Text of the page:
So you don't want to do that. Your job is very important although it gets minimized because it's "just edema", just be aware of that. So this is where the point of the lecture -- that’s why we are here, right types of compression. So now that you have a problem, you have to figure out what you're going to use for the problem and there are so many -- I don't know if I was here 20 years ago lecturing, I would say, okay, so the types of compression, get your Ace bandage out, make sure you wrap it right. And then I leave, you know. We are done. Or get your little -- you have your -- Coban is out for a long time, get your Coban and wrap up the leg. Anyways, but look at what has happened over years of studying and research, they found that there is all types of compression; bandages, dressing, techniques and we will go through them. So bandages are either elastic or inelastic. They have short stretch or long stretch. They're either very highly compressive, mildly compressive. They're multilayered and now there are actually pumps out there. So you have the pump systems as well. Pumps have been around a long time but they're becoming more and more better technology, so that people can actually get better results as well. So some of the key principles that you use in your compression concepts is to aim at -- to counteract the forces of gravity and promote normal flow of the venous blood up the leg. And also compression acts on the venous and lymphatic systems to improve both of those systems and return it back to as close to normal and reduce the edema. Compression therapy is believed to exert its positive pressure on the venous ulcers by increasing fibrinolysis and reducing venous hypertension and improving the cutaneous microcirculation. So this is what you're also trying to do as you put these on venous wounds or venous insufficiency. The other principle here is that it has two main mechanisms of action. There is a static effect that exerts pressure or a resting pressure and then there is a dynamic effect where you're having constant changing in volume with ambulation. When you apply external pressure, it will increase the pressure in the limb. This will actually distribute evenly according to Pascal's law, which I'll show you. The greater the pressure increase in the lower limb, the greater the force that pushes the fluid out of the limb. So here is a picture of that. This is called Pascal's law. I think we learned this in high school maybe earlier but I don't know. Pascal's Law is basically if you exert or apply pressure on one point of the liquid, it transmits equally in all directions. So it's a type of pressure that you're exerting, you'll actually get equal compression along that area forcing equal pressure in all directions. That’s what you're trying to do with your compression. Now, this slide is just showing you all the products. If you take a look on that slide, here you have the short stretch, you have the long stretch, the multilayered, then there is the multilayered Lite and also the high elastic. So when you look at this little slide and you notice -- let see if I have a pointer here -- so here you have the short stretch. These are the bandages that don't have -- they're very stiff. They don't have a lot of pull and they actually do lead to compression that is more in the gait; when you're walking, it works with you. The long stretch, here is another couple of examples of long stretch type elastic and then you have the multilayered, which we use a lot of these multilayered dressing. Profore came out very strong early on in all the wound care centers. And then what came out down the road is this multi-layered Lite which you have the Coban Lite and you have this actual Profore Lite, three-layered and two-layered compression, which is actually something that you use while you're trying to exert pressure from the outside, equal pressure and you use that in ambulation and not at rest; patients with ambulation do best with that. They're not elastic. They're actually very much non-elastic in their stretch as opposed to your Ace bandage type dressings and your basic Coban or elastic bandages that you can see here. Now the Ace bandage in the patient in the bed that’s lying in the hospital that’s not going anywhere might be an okay thing to do, but if you really want to get patient ambulatory, that’s when you're going to start looking at these multilayered compression dressings.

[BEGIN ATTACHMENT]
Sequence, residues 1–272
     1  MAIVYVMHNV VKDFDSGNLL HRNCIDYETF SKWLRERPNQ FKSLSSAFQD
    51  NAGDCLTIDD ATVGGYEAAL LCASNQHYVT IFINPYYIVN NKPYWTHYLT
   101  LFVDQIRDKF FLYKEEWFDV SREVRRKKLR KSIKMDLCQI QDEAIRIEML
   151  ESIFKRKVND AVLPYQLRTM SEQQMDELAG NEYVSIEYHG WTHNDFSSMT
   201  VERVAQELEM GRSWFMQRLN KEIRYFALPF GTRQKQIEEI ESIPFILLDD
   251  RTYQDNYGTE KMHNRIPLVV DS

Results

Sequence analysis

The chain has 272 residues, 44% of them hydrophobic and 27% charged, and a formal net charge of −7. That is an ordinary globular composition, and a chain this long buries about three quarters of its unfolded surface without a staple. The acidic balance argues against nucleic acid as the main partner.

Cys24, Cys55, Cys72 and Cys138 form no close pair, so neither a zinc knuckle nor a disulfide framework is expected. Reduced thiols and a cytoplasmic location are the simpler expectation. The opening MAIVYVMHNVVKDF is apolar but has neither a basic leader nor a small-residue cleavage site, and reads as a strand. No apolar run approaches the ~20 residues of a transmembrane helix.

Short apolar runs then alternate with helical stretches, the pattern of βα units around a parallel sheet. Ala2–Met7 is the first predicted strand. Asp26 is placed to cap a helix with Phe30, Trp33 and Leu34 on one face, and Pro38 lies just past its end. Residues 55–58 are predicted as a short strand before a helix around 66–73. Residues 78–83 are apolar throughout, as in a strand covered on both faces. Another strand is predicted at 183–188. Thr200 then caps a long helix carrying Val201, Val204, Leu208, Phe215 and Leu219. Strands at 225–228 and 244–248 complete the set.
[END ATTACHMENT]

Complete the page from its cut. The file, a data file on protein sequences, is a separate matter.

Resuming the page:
So remember that you want to do a gradient compression, you need to apply the bandage at a very consistent pressure. Pressure is exerted on the limb as related to Pascal's law in a number of layers sometimes. So when you look at this compression therapy, it has two mechanism of action. You have the static effect or the resting pressure and a dynamic effect due to the changing circumference of the limb during walking and that’s really important because you're definitely looking at a situation as you're putting these dressings on where the patient is either non-ambulatory, ambulatory and you're making those decisions. Actually, walking is one of the best ways to reduce edema. So putting someone at rest when you're trying to decrease the edema that they have in their legs is probably not always the best thing. You want to apply external pressure that will increase the pressure in the limb. This, as I said, was according to Pascal's law. The greater the pressure increased in the limb, the greater the force that pushes the fluid out. I like this slide because it actually shows you where the technology has come and how many different products you have to make a decision on. So you can see here that you have all these types of dressing, simple Ace bandage and then the types of multilayered compression systems that come in a box. It's very simple. You don't need to buy the box, you can put it on or you have the simple Tubigrip. And then you have the Farrow type wraps for long-term. So you can see that there is a lot of decision making that you're going to make when you're deciding on what type you're going to use for what kind of problem. The long stretch elastic bandage has extensibility greater than 100% to 120%. It's a low static stiff index and they're mostly used for people at rest. Then you have the short-stretch bandages that have an extensibility of less than 100 to 120 and it has a high-static stiffness index. We talk a lot about the stiff index as it's just a matter of deciding is the patient is ambulatory or is the patient at rest and why you're doing that. So these elastic bandages in the long stretch offer a maintained pressure over longer periods of time. They exert pressure from the outside of the leg expanding and recoiling as the calf muscle contracts and relaxes. And these wraps are often inexpensive like the Ace bandage type problem. Sometimes you put cotton padding underneath to apply as a first layer just to make it more comfortable. And it's also for injuries such as ligamentous injuries, ankle sprains or any type of distortion or contusions, subluxations and that’s where the long stretch comes in. Lot of times you're throwing Ace bandage on postop surgery. You are just, kind of, keeping that dressing in place so that it doesn't slip or slide. Other treatments are for venous disease or thrombosis, but mostly the long stretch is for the traumatic injuries. Also the elastic behavior provides a constant pressure which is almost the same at rest and at work and therefore it leads to a low-static stiffness index which is important at the patient, as I said, that’s not ambulatory. This type of action is particularly recommended for the immobile. This is an example of a long stretch. It's not an Ace bandage, but here is someone with an acute ankle sprain. You don't really want him to walk on it. So you just take a little soft roll here and then you put a little Coban to just get rid of some of that edema and immobilize it. They're not walking on this. They're not using their lymphatics system or their venous system to help do pumping action initially. That might be where a long stretch may come in simply. The short stretch gets to be a little bit more involved. It delivers a low-resting pressure and a high-working pressure. It produces a continuous massage effect on the calf muscle, so that ambulation is a good thing. It helps to pump the swelling and massage the effects of the area and it causes the venous flow from the superficial network to the deep system and that’s what you're trying to do to reduce edema in the venous system. So you want external pressure from the venous superficial system through the perforators into the deep system, that’s what you're working to do. The short-stretch bandages are applied from the base of the toes to the knee or above and they're actually applied so that you have padding on the skin, you're protecting the skin, you're actually overwrapping the layers of the dressing so that they work well with calf pumping. So you're always considering how much they're walking and how much the ambulation is and the exercises to help the bandage work.